Word trigonometry comes from a Greek word trigonon – triangle and metron and that means measurement. Trigonometry is a very important branch of mathematics which studies mostly right triangles and relations between lengths of sides and their angles. In history, trigonometry was mostly useful in astronomy, to track the movement of stars and measure their distance, for observing the motion of the Sun, for Egyptians to determine when the Nile will be flooded and so on.
In this lesson, we’ll define unit circle, work through all trigonometric functions, graphs, and their properties, trigonometric identities, equations and inequalities, and their application in real life.
Basic trigonometric functions
First, you have to remember that in this lesson we’ll mainly be talking about right triangles. Remember that right triangle is a triangle that has one right angle. Right triangle has two legs and hypotenuse. Through years of studying right triangles, people discovered many interesting laws that are valid generally for all right triangles. These laws express the bond between angles and sides.
In a right triangle ∆ABC with hypotenuse AB:
is a ratio of opposite leg and hypotenuse
is a ratio of adjacent leg and hypotenuse
is the ratio of opposite and adjacent leg
is the of adjacent and opposite leg
What does this opposite and adjacent even mean? Let’s observe angle . It is enclosed by hypotenuse and leg “a”. That leg “a” is its adjacent side, the remaining side, the one he has no connections with is the opposite side. You can conclude the same for the angle . It is enclosed by leg “b” and hypotenuse.
This means that the leg “b” is its adjacent side, and that the remaining leg “a” is its opposite side. These rules are very useful if we lack informations about our triangle. If we know any two sides, we can in few steps calculate all angles and remaining side.
Example 1. Calculate all angles and sides if the hypotenuse in a right triangle is equal to 5, and angle to the point A is equal to .
In task like this, it’s always advisable to draw a sketch because it’s not always easy picturing it in your mind, and markings of triangles are different everywhere.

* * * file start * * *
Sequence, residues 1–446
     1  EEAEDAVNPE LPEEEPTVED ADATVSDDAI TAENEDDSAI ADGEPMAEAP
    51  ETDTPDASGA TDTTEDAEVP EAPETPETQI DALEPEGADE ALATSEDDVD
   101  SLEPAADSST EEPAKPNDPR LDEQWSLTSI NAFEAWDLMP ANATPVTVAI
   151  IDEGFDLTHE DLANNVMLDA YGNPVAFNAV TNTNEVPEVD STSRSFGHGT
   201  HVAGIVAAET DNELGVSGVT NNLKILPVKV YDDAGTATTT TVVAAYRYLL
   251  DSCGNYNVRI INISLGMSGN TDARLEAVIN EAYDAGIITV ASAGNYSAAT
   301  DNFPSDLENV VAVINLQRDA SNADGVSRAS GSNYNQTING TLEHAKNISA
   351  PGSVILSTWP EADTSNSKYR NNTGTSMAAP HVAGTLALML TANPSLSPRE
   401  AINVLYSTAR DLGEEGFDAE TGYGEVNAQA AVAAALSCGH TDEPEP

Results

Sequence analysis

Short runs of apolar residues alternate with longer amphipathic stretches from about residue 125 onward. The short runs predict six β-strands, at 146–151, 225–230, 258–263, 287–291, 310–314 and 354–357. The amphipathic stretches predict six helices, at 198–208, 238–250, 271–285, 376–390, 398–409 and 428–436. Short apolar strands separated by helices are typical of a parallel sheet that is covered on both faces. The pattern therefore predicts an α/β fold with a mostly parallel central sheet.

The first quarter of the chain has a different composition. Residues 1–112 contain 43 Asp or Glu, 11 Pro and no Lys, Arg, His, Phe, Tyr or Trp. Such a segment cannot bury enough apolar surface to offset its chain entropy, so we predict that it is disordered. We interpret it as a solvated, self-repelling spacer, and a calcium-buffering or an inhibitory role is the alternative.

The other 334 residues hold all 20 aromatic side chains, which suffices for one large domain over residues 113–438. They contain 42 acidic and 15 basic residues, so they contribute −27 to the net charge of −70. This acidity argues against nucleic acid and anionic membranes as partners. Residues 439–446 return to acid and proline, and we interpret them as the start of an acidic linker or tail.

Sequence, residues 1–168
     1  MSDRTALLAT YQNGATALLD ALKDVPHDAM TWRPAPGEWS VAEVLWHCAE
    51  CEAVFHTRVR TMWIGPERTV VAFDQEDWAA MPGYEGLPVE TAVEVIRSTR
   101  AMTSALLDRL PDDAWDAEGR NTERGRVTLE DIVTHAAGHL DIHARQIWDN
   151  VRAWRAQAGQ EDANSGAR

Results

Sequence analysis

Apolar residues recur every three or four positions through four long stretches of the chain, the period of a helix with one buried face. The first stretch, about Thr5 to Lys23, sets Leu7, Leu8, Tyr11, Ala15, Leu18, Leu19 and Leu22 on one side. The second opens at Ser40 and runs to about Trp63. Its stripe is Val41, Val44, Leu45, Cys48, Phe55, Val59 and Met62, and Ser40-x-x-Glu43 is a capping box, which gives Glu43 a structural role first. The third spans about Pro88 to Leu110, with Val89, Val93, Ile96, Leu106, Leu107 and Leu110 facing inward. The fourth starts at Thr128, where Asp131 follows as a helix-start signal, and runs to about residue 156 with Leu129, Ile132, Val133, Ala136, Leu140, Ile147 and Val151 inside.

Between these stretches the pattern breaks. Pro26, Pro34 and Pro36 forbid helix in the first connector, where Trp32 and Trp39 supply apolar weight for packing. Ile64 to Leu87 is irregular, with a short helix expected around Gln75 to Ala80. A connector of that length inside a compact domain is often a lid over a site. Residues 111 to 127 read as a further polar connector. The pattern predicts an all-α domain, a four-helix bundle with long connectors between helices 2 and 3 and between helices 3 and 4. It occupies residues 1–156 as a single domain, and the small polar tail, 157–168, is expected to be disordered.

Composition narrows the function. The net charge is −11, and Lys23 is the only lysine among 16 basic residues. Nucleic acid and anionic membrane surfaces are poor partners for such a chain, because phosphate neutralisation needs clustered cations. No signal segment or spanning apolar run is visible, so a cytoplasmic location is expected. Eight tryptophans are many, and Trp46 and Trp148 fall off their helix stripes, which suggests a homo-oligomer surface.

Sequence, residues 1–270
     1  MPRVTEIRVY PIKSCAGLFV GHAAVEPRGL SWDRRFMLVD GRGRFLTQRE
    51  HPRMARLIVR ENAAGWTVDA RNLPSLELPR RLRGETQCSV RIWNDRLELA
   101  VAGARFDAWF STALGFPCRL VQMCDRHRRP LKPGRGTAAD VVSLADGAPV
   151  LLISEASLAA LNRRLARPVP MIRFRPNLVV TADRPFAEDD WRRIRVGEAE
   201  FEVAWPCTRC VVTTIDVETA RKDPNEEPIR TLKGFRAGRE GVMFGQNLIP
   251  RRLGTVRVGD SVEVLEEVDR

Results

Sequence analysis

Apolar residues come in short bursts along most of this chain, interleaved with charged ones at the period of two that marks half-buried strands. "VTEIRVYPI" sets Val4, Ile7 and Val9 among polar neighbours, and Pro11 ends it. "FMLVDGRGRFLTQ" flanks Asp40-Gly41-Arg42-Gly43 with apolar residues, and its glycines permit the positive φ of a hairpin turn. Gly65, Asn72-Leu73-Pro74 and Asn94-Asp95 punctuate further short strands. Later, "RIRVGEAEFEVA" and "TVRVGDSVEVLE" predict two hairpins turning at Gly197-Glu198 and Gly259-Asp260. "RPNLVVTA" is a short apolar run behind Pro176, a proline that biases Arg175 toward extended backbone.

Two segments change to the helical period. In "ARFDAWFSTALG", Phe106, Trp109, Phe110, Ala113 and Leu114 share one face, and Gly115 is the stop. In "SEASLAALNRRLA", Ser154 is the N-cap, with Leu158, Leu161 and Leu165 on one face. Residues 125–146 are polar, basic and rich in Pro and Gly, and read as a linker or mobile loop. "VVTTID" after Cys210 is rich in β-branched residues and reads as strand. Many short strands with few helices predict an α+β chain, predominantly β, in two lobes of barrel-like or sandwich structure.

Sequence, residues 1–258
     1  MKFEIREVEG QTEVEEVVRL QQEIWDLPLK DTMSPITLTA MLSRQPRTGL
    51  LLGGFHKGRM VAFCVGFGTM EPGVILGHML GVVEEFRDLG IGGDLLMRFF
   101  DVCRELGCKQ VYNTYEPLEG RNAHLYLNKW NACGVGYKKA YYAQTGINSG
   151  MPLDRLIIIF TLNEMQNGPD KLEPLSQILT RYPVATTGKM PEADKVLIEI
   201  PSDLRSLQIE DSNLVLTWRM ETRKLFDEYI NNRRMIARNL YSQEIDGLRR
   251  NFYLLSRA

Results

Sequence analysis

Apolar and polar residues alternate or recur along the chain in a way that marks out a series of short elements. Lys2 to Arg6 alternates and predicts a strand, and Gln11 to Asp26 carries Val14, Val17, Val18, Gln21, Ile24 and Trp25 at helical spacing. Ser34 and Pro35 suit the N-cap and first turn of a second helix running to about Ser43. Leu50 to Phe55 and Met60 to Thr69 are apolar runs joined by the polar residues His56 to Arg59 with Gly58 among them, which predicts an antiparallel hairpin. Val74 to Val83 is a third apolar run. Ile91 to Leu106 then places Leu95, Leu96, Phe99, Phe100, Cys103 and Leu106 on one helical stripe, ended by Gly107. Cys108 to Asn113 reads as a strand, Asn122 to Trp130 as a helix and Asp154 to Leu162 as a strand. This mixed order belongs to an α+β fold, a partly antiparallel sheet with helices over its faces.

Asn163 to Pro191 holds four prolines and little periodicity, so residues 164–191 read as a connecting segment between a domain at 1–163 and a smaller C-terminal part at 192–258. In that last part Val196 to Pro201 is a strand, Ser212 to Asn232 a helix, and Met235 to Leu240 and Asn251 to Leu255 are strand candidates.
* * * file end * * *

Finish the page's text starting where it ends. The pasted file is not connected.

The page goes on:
Now that you have everything drawn on your sketch you can start observing what you can and what you can’t do. We have one angle and hypotenuse, if you look at the laws we wrote down up you can see that we can use either sine or cosine. It does not matter in which order you solve it so we’ll first calculate the length of side “a”. Since we know that angle to the point A is equal to and that “a” is the opposite side of this angle we’ll use sine.
Now that we got to this expression we can calculate it. Simply type in your calculator this expression and you’ll get that . Now we’ll calculate leg “b”. Since we know the angle whose leg “b” is it’s adjacent side we can use cosine.
Now we have all three sides and we have to calculate angles. Since this is the right triangle, and the second angle is know we can simply subtract the measurement of these two and get .
Example 2. Calculate all angles and sides in a right triangle if the length of one leg is equal to 3cm and .
Side “a” is opposite, and side “b” is adjacent side for angle α.
Now we have to calculate the length of hypotenuse.
Trigonometric functions and similarity
Two triangles are similar if all of their corresponding angles have the same measure, and that corresponding sides are proportional.
What does this imply when observed in right triangle? Let’s say we have two similar right triangles ∆ ABC and ∆ DEF.
Since our assumption is that these two triangles are similar we can conclude that: